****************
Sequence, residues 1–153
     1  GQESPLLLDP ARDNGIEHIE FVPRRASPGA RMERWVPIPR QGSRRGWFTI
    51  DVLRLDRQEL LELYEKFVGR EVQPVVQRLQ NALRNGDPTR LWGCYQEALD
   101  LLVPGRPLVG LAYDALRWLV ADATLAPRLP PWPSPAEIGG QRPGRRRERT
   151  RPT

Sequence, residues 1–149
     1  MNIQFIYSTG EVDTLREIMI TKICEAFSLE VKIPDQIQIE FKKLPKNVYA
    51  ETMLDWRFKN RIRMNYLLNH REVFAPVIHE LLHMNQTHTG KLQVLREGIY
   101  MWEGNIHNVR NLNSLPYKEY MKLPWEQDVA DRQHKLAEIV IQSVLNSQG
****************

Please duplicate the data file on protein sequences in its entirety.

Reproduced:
Sequence, residues 1–153
     1  GQESPLLLDP ARDNGIEHIE FVPRRASPGA RMERWVPIPR QGSRRGWFTI
    51  DVLRLDRQEL LELYEKFVGR EVQPVVQRLQ NALRNGDPTR LWGCYQEALD
   101  LLVPGRPLVG LAYDALRWLV ADATLAPRLP PWPSPAEIGG QRPGRRRERT
   151  RPT

Sequence, residues 1–149
     1  MNIQFIYSTG EVDTLREIMI TKICEAFSLE VKIPDQIQIE FKKLPKNVYA
    51  ETMLDWRFKN RIRMNYLLNH REVFAPVIHE LLHMNQTHTG KLQVLREGIY
   101  MWEGNIHNVR NLNSLPYKEY MKLPWEQDVA DRQHKLAEIV IQSVLNSQG